Principals of Catholic primary schools face a very high level of demands from parish priests, according to a national study. The Principals in Parishes report found that demands extend beyond school operation to a range of community duties that place extreme time pressures on principals and intrude deeply into their personal life. The demands are a strong disincentive for teachers to apply for principal positions, creating a looming crisis in leadership succession at schools. See media release by the Australian Catholic Primary Principals Association (ACPPA) 21 March 2005, and article in The Age 23 May 2005.
Queensland's Board of Teacher Registration has set up an interim website to help teachers prepare for changes to registration which take effect in 2006.
An Institute of Aboriginal and Torres Strait Islander Leadership has been set up in Gympie, Queensland. The Director will be Chris Sarra, principal of Cherbourg State School and the Institute will be based at the school. See report in Education Review 18 May 2005 (fee-based access).
A Newspoll survey of Australian parents has found that almost half do not read to their children on a daily basis. The survey was released by the Dymocks Literacy Foundation at the launch of its Read to Your Child Campaign, which aims to boost awareness of the importance of reading to children of all ages and to raise funds for children’s literacy projects.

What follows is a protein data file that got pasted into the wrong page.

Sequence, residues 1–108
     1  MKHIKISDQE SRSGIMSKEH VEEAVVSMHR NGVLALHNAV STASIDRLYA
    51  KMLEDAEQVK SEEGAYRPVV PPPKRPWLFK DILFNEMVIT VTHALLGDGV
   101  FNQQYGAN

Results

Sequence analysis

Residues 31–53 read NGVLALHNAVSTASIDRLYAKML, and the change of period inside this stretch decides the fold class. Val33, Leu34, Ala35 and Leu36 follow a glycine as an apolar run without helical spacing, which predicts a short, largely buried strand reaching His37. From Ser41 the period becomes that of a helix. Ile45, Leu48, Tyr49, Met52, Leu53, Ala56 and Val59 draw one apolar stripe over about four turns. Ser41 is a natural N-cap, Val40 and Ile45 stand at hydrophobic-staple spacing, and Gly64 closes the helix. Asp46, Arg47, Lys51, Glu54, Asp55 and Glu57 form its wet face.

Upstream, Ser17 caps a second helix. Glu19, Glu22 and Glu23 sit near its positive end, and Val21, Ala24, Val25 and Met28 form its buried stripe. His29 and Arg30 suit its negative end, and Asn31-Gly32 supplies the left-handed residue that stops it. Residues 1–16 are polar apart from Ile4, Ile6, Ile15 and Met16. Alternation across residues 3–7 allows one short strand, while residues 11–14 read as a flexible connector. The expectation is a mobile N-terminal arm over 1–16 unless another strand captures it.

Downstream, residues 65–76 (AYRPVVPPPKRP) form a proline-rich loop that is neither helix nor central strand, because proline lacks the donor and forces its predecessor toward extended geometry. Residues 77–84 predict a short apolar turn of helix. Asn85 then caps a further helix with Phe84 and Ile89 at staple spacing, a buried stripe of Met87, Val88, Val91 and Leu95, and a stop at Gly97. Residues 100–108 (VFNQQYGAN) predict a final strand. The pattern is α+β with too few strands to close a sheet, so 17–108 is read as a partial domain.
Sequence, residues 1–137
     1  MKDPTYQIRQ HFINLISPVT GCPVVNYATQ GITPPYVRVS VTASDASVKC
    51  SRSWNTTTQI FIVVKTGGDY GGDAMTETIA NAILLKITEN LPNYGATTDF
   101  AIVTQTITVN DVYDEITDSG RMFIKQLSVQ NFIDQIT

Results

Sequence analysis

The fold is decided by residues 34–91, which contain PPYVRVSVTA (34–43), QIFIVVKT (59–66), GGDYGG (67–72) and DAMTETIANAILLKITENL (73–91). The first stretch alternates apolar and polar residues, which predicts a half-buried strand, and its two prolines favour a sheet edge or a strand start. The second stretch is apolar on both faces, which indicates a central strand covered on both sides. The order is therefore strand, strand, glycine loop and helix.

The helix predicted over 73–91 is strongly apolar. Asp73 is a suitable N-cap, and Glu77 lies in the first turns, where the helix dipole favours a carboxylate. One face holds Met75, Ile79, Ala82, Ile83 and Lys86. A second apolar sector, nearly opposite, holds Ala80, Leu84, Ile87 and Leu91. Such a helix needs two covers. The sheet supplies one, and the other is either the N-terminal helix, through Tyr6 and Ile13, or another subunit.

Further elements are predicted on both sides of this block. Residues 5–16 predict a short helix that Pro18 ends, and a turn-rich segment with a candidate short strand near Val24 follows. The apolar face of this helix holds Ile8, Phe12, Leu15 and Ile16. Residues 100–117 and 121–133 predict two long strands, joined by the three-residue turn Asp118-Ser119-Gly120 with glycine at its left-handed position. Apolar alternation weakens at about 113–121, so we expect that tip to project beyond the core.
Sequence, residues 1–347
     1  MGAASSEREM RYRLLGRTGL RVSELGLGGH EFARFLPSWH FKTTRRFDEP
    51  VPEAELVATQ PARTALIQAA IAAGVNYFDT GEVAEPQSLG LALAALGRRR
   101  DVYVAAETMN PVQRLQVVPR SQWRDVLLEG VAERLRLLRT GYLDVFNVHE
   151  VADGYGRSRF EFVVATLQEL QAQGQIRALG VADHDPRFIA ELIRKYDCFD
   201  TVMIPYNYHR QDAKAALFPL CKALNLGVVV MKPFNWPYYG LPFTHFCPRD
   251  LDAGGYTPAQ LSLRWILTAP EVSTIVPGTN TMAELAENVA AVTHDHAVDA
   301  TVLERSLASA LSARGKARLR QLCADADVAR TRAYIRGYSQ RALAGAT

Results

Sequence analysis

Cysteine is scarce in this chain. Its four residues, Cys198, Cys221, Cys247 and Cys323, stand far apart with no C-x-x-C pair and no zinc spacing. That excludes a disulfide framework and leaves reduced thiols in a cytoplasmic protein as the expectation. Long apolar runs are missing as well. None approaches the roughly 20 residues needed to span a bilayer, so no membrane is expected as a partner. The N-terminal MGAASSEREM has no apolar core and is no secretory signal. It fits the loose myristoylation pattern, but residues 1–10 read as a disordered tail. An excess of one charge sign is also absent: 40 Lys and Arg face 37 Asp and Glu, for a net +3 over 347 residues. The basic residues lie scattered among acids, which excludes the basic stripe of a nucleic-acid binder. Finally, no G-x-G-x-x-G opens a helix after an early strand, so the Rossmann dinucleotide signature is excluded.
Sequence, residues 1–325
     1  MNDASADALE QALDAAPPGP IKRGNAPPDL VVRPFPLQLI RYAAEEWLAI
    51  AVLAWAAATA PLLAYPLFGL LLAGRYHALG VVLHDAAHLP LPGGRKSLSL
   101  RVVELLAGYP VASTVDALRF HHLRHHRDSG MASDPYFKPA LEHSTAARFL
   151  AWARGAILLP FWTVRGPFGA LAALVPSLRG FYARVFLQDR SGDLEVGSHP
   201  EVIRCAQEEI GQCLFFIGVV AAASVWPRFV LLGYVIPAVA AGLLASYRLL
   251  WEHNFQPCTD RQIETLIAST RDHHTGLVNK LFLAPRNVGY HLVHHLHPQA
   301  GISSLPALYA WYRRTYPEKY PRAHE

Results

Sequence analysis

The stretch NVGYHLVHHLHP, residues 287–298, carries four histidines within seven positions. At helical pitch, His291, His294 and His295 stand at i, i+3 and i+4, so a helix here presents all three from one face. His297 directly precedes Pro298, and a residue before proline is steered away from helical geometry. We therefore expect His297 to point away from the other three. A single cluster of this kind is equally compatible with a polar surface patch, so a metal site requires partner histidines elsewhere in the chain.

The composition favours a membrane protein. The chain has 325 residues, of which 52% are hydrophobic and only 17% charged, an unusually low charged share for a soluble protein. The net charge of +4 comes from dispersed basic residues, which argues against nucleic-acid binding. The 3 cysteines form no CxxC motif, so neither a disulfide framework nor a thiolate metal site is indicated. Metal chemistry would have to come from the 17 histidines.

A Victorian teacher who resigned due to the State Government's 'zero-tolerance' approach to child sex offenders is taking legal action against his deregistration. Orbost Secondary College teacher, Andrew Phillips, has taken legal action against the Government, the Education Department and the Victorian Institute of Teaching, saying he should not be banned from the profession under State laws. Mr Phillips resigned this year after police checks found he had pleaded guilty to a sexual offence against a 15-year-old girl, when he was 20 and not yet teaching. See report in The Age 25 May 2005.
Career Summit 2005 – building youth career networks has recently been held in Adelaide for Years 10 and 12 students. The summit aimed to promote vocational education and training, and allow students to meet young people already in the work force, as well as prospective employers. For more information see News Release, 17 May 2005.
The Queensland Education Minister, Anna Bligh, has announced a new strategy for improving the educational outcomes of Indigenous students in Cape York and the Torres Strait Islands. The Bound for Success Strategy will attempt to ensure that young Indigenous children receive the benefits of early education, and that as many as possible complete Year 12. For more information see Ministerial Media Statements, 25 May 2005.
The State School Teachers' Union of Western Australia (SSTUWA) will hold its 2005 Women's Conference conference on Friday, 17 June at Gloucester Park, East Perth. The conference's keynote speakers are Dr Jocelynne Scutt and Sharryn Jackson, and its workshops will include sessions on classroom strategies for restorative justice, Indigenous issues in the classroom and classroom management strategies. For more information see the Women's Conference section of the SSTUWA website, and Western Teacher, 29 April 2005.